It was a bumpy September for many investors. But with the market now sporting an even larger correction, are shares of Alteryx (NYSE:AYX) in position for buying? Let’s see what’s happening off and on the price chart of AYX stock, then offer a risk-adjusted determination in alignment with those findings.
The market-leading Nasdaq Composite took a bit of a header this past month. The index sank 13% at its worst and finished down 5% for the period. Still, don’t feel too bad for its investors. On the back of fantastic gains in Apple (NASDAQ:AAPL), Amazon (NASDAQ:AMZN), Tesla (NASDAQ:TSLA) and other valuation influencers, the bellwether is also up 25% year-to-date.
The large-cap, tech-heavy index has also climbed 67% since the worst of the coronavirus’ impact on Wall Street in late March.
The same good fortune hasn’t been bestowed on AYX investors though.
The Year So Far
To be fair, the software-as-a-service (SaaS) data science and analytics outfit is up 17% in 2020 and just over 50% since its associated Covid-19 low struck on March 17. Gains of that size aren’t historically the kind to take for granted. But it hasn’t exactly been an ordinary year either, right? As well, conditions were much rosier not so long ago for AYX’s shareholders.
At its July high, Alteryx was up 85% on the year and nearly 150% removed from the lows of the stock’s coronavirus-driven bear market. So, what went wrong and why has Alteryx shed 38% since its peak valuation which promisingly placed shares into the sphere of large-cap tech stocks?
September’s notorious bearish seasonality, which did come to fruition this year, is one thing. But that pressure only prompted a monthly decline of 6% in AYX stock. The rest of Alteryx’s overall correction has been tied to investor concerns over substantial deceleration in near-term sales growth. Back in early August, Alteryx’s management cut its revenue outlook well below Street forecasts.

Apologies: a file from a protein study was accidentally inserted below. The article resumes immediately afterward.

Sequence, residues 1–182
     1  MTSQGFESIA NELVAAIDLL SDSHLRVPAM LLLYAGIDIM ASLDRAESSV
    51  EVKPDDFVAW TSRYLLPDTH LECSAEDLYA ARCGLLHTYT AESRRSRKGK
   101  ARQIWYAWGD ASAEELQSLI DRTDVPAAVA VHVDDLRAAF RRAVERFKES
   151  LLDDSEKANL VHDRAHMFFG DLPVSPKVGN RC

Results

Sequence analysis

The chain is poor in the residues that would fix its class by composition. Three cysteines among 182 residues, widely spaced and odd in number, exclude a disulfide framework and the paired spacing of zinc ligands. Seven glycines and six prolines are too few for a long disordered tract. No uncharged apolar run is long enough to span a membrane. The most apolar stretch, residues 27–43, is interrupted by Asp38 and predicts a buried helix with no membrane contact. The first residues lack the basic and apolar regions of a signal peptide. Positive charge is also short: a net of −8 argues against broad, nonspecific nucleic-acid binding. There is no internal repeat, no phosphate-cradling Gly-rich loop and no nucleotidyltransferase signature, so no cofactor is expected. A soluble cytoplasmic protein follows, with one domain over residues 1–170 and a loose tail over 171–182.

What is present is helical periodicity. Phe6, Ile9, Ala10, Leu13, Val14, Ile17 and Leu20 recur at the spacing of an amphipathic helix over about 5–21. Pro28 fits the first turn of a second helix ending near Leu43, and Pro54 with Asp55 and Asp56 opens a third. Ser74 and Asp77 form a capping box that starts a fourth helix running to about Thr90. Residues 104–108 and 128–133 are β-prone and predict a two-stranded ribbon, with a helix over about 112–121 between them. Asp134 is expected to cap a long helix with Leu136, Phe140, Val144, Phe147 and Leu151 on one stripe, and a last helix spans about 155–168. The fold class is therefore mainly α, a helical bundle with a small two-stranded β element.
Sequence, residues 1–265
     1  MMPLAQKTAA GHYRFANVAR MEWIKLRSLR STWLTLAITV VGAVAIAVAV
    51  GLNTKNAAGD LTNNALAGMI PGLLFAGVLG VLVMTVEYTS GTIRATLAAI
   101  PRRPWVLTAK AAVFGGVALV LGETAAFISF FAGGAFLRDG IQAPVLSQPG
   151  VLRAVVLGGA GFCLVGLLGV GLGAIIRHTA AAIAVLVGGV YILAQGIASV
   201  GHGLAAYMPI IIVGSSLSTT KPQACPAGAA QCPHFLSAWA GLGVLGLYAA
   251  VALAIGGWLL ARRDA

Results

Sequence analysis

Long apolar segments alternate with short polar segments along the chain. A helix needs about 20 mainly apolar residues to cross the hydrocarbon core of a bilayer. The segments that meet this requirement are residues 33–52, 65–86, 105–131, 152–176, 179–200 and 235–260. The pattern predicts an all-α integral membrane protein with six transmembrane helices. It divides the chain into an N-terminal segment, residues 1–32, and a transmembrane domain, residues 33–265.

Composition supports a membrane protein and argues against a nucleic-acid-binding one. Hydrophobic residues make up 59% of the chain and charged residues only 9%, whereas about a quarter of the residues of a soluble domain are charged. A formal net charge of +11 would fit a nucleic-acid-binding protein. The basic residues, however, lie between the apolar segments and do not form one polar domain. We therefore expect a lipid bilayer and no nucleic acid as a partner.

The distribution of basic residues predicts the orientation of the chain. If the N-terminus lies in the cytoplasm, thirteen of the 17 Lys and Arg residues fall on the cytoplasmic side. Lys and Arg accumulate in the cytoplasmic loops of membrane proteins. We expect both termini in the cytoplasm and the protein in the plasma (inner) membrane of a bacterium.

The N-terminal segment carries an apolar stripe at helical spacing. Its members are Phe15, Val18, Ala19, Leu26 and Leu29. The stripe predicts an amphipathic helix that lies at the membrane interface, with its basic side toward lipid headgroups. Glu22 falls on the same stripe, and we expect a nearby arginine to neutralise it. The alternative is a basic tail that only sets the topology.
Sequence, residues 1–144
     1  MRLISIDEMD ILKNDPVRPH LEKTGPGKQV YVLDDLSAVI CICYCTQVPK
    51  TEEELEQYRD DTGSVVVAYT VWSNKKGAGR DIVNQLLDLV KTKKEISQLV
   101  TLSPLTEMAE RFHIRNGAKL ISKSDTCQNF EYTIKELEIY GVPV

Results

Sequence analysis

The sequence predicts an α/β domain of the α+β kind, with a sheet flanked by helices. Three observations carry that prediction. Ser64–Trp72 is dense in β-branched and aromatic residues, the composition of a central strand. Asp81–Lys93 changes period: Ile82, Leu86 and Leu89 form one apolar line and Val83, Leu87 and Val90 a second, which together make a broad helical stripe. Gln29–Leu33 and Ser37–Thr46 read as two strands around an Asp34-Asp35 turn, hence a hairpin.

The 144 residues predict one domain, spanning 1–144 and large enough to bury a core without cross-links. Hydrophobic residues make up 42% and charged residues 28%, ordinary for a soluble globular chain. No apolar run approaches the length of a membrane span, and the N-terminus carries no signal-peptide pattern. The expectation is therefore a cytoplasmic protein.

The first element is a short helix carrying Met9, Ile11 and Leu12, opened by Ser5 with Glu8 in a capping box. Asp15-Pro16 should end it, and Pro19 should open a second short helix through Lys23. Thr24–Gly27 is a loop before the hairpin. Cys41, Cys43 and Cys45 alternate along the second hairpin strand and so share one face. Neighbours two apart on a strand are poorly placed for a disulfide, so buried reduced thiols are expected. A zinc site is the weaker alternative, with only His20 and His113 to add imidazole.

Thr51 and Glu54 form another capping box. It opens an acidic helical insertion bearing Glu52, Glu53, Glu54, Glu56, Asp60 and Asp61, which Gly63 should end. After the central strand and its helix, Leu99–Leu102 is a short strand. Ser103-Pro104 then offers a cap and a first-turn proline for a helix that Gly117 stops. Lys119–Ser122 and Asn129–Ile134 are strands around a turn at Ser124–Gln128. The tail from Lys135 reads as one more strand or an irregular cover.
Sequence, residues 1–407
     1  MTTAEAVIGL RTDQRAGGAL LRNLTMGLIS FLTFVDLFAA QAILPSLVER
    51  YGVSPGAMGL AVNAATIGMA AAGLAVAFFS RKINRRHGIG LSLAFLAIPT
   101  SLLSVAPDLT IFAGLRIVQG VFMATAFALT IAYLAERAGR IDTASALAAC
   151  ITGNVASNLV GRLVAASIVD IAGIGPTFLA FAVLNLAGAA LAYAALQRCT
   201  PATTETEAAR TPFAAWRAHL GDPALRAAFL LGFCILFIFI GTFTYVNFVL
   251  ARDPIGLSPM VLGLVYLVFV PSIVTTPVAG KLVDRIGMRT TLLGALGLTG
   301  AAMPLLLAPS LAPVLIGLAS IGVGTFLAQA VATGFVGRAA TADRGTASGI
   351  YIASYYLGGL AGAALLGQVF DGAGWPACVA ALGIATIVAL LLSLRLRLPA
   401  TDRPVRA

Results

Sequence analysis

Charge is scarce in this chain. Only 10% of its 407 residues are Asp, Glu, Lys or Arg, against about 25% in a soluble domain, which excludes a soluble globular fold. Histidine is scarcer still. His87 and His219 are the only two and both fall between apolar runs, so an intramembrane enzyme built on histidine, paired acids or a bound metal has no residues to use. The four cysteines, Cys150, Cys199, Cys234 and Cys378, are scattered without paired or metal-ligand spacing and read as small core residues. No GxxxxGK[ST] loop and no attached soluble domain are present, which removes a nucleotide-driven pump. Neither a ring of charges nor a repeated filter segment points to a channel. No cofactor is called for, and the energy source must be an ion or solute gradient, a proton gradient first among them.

Citing longer customer sales cycles spurred by reduced spending amid the pandemic, AYX’s track record of consistent mid-to-high double-digit sales gains ended abruptly. And in turn, shares well-positioned for the bearish consequences, bowed to that reality. Overly optimistic growth assumptions, dancing around profitability, a nosebleed sales multiple and pricing today which would still would make a value investor shudder, it’s not entirely surprising Alteryx has been welcomed firmly back into the mid-cap camp.
AYX Stock Weekly Price Chart
Source: Charts by TradingView
The big question for AYX investors is if the company’s business can reassert some of its former glory in 2021 and beyond. There are no guarantees, but many analysts are upbeat on its longer-term prospects. A nearby move into a cloud-based product for its core platform confirmed during at earnings is a promising step towards that end.
Today though, and despite the sell-off of the past couple months, AYX remains expensive-looking. There’s no two ways around a forward P/E of 119 and multiple which values shares a full 15.5x sales. As such, waiting for a stronger pullback has proven to be popular advice among investors with an eye on a future. But will the recommendation prove prescient?
The other thing(s) investors might consider is the ability for select growth stocks to remain richly valued. That includes stocks like Alteryx, which hit a quarterly bump in the road. The narrative turns cautious, but traditional metrics remain rich. Also (and specific to AYX right now), waiting on the sidelines turns a blind eye to Alteryx’s decent technical-based value proposition on the price chart.
Currently, shares have confirmed a bottoming weekly candlestick pattern inside a layered Fibonacci support zone. The formation continues to hold longer-term uptrend support and is backed by a bullish oversold crossover stochastics signal. And with stocks purported to be forward-looking pricing mechanisms, the opportunity to use a hedged AYX stock collar strategy (where you own stock, then buy puts and sell calls) which helps work around today’s valuation concerns, while still being in it to win it, is worthy of consideration.
No stocks owned: On the date of publication, Chris Tyler did not hold, directly or indirectly, positions in any of the securities mentioned in this article.
Chris Tyler is a former floor-based, derivatives market maker on the American and Pacific exchanges. The information offered is based on his professional experience but strictly intended for educational purposes only. Any use of this information is 100% the responsibility of the individual. For additional market insights and related musings, follow Chris on Twitter @Options_CAT and StockTwits.